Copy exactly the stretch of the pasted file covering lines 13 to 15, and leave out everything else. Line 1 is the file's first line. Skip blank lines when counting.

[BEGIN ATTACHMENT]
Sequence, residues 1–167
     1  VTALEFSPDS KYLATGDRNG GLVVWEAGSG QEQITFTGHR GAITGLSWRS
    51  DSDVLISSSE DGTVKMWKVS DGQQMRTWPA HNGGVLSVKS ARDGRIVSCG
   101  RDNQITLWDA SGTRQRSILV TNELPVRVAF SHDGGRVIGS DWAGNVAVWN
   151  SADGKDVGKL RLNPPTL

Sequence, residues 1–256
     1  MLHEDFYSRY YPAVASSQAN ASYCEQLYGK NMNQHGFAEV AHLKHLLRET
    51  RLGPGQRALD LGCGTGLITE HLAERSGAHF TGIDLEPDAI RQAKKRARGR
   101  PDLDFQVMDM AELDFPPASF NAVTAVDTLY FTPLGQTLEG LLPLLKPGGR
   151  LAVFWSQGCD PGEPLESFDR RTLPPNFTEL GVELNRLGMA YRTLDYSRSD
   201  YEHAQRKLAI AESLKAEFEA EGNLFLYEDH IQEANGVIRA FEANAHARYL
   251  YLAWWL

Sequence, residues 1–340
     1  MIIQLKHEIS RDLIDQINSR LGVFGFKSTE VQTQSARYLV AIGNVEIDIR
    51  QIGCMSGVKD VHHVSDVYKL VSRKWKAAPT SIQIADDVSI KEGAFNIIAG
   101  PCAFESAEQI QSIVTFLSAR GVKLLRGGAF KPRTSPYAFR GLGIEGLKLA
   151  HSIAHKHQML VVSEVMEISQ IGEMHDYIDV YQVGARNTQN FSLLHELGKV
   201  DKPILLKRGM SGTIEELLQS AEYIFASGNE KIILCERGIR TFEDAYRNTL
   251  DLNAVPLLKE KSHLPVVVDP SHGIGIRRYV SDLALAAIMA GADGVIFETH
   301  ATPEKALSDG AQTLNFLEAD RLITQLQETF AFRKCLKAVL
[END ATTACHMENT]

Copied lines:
Sequence, residues 1–340
     1  MIIQLKHEIS RDLIDQINSR LGVFGFKSTE VQTQSARYLV AIGNVEIDIR
    51  QIGCMSGVKD VHHVSDVYKL VSRKWKAAPT SIQIADDVSI KEGAFNIIAG